Ethan Frome Literary Analysis Essay

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Edith Wharton's Ethan Frome. You specific evidence prove thesis -- FIVE direct quotes. Use MLA format essay including citations double spaced. According Oscar Wilde, "In world tragedies:, .

"Ethan Frome"

Edith Wharton's novel "Ethan Frome" discusses with regard to ideas like the failure to achieve one's personal goals and to the risks associated with fighting for these respective goals. The book's narrator appears to be especially interested in guiding readers through the story in order for them to gain a more complex understanding of what actually happened to the protagonist. The fact that the novel begins with the end of Frome's chronological experiences is intended to confuse readers and to make them feel intrigued with wanting to find out more about the central character.

To a certain degree, even with the fact that some readers might feel an early closure by acknowledging the inevitability of events occurring in the story, most are likely to be captivated by this feeling of finality. In order to truly be able to comprehend the novel, one would have to read it several times, as already being acquainted with the storyline can seriously assist the respective individual in truly comprehending Wharton's thinking. The writer's clever strategies can go unnoticed upon first readings, but this confusion can play an important role in making readers get actively involved in the text.

The novel's description of events in a town called Starkfield uses the name to emphasize the condition of the atmosphere there. The writer uses the way its inhabitants seem to have a strong connection with it with the purpose of showing how they were influenced by the environment that they grew up in. The central character, Frome, is one of the best examples of individuals having been changed by their experiences in the town. He usually takes on a cold attitude with regard to what happens around him and seems to put across feelings that are directly connected with the city. "If you know the post office you must have seen Ethan Frome drive up to
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it, drop the reins on his hollow backed bay and drag himself across the brick pavement to the white colonnade: and you must have asked who he was." (Wharton) The way the writer portrays Frome puts across a feeling of continuity, as if he was a part of the scenery.

Wharton wanted to introduce a great deal of feelings in the novel and thus revolved around Frome's character as being somewhat of an integral element in the quiet, restrained life in Starkfield. The novel addresses society's morals and people's tendency to act in accordance with a strict set of rules. Thinking promoted during the nineteenth century did not allow for certain behaviors to be acceptable, so ideas like these influenced Frome to be reluctant to focus on them until he found that there was no other alternative.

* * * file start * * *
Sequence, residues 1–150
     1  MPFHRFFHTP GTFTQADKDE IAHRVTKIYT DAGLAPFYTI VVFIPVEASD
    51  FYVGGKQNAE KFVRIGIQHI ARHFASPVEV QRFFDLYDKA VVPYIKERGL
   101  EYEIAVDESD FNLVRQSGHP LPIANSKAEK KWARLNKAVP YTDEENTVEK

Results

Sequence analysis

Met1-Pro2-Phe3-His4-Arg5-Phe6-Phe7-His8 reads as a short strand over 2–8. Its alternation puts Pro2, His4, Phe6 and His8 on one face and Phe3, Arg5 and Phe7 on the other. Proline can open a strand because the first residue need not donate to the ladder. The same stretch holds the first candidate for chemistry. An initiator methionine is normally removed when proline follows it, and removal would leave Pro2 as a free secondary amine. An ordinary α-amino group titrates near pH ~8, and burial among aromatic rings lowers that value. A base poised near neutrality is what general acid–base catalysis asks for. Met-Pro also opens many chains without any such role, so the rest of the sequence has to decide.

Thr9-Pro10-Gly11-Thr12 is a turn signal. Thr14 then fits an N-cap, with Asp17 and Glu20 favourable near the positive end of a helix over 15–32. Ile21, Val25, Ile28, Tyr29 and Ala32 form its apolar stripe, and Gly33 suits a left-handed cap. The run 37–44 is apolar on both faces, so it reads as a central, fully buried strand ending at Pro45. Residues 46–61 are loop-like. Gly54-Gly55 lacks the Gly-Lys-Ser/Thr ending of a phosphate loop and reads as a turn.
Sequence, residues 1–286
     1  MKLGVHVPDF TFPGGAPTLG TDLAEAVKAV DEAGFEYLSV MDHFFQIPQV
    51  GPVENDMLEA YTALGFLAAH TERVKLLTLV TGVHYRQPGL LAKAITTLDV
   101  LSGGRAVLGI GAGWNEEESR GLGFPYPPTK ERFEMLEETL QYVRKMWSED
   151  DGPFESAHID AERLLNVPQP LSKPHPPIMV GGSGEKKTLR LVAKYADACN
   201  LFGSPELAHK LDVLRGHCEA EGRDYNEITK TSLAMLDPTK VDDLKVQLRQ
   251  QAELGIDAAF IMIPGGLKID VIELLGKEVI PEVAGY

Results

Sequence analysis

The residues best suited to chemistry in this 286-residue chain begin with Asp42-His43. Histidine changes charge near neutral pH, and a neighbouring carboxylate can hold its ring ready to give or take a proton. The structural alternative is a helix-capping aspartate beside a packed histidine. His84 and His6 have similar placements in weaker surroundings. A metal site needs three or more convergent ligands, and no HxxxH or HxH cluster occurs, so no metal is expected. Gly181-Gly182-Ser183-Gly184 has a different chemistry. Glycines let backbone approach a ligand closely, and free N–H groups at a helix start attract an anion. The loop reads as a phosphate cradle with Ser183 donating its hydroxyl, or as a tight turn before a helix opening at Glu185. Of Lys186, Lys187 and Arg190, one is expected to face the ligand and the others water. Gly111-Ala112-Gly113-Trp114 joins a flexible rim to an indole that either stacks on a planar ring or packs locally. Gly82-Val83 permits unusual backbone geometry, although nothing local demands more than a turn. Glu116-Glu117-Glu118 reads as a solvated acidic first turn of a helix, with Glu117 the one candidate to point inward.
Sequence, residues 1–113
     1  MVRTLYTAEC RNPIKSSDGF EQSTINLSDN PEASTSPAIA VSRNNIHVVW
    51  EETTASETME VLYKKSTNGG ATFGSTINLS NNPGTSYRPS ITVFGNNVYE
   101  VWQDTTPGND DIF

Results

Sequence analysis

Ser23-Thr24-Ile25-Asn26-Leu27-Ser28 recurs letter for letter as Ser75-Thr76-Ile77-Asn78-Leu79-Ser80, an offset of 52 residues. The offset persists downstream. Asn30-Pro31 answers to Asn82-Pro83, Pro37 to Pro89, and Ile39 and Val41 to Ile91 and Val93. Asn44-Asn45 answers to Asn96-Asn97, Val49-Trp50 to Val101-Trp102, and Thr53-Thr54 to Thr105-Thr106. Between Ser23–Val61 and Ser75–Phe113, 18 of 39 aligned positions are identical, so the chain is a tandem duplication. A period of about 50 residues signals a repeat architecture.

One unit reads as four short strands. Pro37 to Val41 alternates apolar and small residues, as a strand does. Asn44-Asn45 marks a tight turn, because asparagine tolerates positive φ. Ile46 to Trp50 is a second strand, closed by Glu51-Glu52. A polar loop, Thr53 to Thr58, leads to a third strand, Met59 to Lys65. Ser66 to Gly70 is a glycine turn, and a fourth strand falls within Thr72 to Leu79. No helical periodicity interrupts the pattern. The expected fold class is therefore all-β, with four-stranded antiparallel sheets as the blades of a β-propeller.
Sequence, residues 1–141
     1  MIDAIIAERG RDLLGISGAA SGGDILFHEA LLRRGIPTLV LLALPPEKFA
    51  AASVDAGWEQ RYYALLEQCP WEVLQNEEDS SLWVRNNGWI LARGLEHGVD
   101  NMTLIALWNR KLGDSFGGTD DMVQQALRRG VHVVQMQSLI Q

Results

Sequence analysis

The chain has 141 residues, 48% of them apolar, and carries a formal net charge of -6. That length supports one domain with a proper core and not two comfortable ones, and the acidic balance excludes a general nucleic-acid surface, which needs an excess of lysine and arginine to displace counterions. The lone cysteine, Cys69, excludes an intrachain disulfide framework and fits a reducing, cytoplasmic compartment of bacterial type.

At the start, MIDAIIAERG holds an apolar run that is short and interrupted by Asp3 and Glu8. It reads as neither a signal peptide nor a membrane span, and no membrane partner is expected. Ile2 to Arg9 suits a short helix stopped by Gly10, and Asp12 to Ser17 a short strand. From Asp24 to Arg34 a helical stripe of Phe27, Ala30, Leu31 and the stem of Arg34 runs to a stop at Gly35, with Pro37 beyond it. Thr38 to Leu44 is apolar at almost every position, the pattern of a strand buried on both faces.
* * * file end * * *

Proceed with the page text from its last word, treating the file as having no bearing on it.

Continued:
Frome's relationship with his wife is an important element in the novel, as it shows how two persons can struggle with trying to be together in spite of the fact that they resent each-other. "These alterations of mood were the despair and joy of Ethan Frome." (Wharton) The role Mattie plays in this relationship represents a type of intrigue that is surprising both to readers and to the characters in the text. Frome's wife, Zeena, is initially unsuspecting of her husband feelings toward Mattie, but as the storyline progresses she gradually becomes more irritated with his interest toward the girl and eventually expresses her fury.

The writer paints a particularly depressing picture of the central character and proceeds with showing the town and its residents as they seem to be dominated by an air of reluctant suffering. Even with this, she manages to use her prose with the purpose of captivating readers and actually making them feel impressed with the overall environment she presents. "The moon had set, but the night was so transparent that the white house-fronts between the elms looked gray against the snow, clumps of bushes made black stains on it, and the basement windows of the church sent shafts of yellow light far across the endless undulations." (Wharton)

The novel focuses on the connection…

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Works cited:

Wharton, Edith, "Ethan Frome (Middleton Classics)," Middleton Classics, 8 Apr 2013.

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